Gun owners react to the President's gun control proposals

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By Andrew Michalscheck By Andrew Michalscheck

PHOENIX -- It seems anytime the President talks gun control, guns sales spike.

“I don’t have a lot to sell, I sold everything I had and it’s hard to replenish,” said Jeff Serdy of A.J.I. Sporting Goods.  “It’s concerning to law abiding citizens.”

President Barack Obama on Wednesday proposed background checks on all gun sales and bans on military style assault weapons and high-capacity magazines as part of a package of steps to reduce gun violence in the wake of the Newtown, Conn. school massacre last month.

The NRA is already promising "a very expensive and hard-fought fight" against the President's gun control proposal and so are some Valley gun owners.

“I definitely believe there are people who shouldn’t have guns,” said gun owner Richard Lockwood. “But I’m mostly concerned with infringing on the rights of the second amendment.”

It’s a sentiment shared by gun owners each time the President speaks about gun control.

“It’s hard I mean little kids were killed but anything he’s proposing would not stop what happened,” said Robert Sherry.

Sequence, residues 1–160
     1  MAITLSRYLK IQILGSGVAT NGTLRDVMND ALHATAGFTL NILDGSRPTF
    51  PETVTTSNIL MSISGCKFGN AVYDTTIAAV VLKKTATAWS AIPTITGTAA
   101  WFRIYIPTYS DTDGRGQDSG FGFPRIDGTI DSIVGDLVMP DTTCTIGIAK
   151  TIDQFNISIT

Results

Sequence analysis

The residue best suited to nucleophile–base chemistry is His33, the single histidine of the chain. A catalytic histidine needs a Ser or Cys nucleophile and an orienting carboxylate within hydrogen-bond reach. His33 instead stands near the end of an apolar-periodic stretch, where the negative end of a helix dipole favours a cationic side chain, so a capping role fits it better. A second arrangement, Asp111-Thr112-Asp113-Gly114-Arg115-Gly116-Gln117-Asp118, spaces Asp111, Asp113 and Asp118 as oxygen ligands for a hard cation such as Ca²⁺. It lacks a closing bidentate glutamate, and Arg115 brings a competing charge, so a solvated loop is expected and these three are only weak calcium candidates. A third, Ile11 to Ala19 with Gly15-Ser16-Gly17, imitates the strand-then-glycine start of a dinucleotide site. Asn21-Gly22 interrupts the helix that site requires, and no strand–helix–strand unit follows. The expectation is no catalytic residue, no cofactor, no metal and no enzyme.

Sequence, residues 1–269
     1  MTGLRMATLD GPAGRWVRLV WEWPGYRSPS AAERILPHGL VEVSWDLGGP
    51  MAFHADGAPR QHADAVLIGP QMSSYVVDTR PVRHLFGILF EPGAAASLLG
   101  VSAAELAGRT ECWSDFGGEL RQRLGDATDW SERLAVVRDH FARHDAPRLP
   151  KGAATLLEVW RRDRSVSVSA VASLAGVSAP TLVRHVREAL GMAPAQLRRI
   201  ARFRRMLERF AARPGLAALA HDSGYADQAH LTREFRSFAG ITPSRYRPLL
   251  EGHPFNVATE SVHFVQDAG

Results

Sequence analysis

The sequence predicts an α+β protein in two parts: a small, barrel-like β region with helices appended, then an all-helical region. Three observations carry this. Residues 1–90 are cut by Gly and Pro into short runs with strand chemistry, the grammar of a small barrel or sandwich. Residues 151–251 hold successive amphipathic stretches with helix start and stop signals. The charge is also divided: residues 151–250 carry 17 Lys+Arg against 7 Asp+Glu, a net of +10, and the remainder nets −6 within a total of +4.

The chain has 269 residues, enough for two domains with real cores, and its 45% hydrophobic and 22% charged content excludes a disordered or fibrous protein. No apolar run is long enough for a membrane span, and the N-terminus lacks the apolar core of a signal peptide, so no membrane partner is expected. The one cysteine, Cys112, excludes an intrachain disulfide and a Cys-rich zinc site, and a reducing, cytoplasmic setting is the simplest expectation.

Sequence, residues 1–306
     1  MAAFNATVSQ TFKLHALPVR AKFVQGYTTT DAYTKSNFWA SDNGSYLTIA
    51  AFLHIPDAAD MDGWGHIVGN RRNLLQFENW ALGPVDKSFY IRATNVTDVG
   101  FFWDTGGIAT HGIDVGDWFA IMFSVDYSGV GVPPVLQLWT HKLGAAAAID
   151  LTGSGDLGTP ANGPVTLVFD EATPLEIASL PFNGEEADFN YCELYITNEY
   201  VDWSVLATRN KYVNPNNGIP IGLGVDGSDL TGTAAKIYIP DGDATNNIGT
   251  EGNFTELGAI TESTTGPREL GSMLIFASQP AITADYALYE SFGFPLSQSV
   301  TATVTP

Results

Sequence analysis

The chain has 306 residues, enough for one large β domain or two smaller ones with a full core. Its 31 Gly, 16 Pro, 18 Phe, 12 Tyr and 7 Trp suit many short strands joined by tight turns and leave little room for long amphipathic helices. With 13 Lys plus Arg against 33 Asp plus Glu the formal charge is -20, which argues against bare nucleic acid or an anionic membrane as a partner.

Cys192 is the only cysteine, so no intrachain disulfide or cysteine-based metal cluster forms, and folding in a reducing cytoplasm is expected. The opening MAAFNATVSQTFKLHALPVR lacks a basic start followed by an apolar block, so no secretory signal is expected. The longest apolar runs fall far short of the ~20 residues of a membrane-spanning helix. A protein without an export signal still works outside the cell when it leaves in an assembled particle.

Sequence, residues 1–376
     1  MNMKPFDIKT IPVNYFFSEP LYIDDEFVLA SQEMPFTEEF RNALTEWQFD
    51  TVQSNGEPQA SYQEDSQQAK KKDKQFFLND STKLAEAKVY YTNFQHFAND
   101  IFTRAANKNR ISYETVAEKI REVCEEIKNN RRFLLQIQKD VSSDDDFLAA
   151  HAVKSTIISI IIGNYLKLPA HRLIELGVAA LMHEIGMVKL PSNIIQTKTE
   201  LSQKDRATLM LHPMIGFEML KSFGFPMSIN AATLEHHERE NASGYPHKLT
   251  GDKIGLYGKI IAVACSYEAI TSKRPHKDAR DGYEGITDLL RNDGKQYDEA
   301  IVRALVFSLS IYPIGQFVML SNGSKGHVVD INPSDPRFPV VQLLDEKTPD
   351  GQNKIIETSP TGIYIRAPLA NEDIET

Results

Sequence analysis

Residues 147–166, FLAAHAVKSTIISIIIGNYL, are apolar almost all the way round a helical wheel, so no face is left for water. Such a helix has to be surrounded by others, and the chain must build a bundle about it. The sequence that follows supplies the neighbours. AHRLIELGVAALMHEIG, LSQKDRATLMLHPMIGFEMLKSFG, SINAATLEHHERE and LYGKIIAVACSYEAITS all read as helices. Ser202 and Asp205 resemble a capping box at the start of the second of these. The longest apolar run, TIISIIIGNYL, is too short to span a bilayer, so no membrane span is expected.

The President is calling on Congress to ban assault weapons and restrict ammunition magazines to no more than 10 rounds.

“I don’t think the cartridge limitations will make a bit of difference.  You can load three ten round magazines in no time at all.”

The President also proposed background checks on all gun sales which some gun owners agree could help.

“They should do more thorough background checks and there should be a two or three day waiting period too,” said Dave Finch.

The problem however is not law abiding gun owners, said Serdy. The problem is the criminal element.

“People who are breaking the law are going to continue breaking the law,” said Serdy.  “I think it will only hamper legal people, I don’t think it will catch the people that are a problem.”

But Serdy does agree with the President on one thing.

“Some of the mental health things in here, I don’t think anyone is going to argue that because every time there’s been a mass shooting it’s been someone mentally ill.”  said Serdy. “Why do these people snap? Which people are at risk? That’s good, they should expand on that.”

Serdy and other responsible gun owners would like to see a greater investment made to mental health.

But few believe anything the President proposed will actually make a difference.

“To me it’s just feel good legislation at this time. They want people to think they are doing something and it's not really happening," said Rhonda Sherry.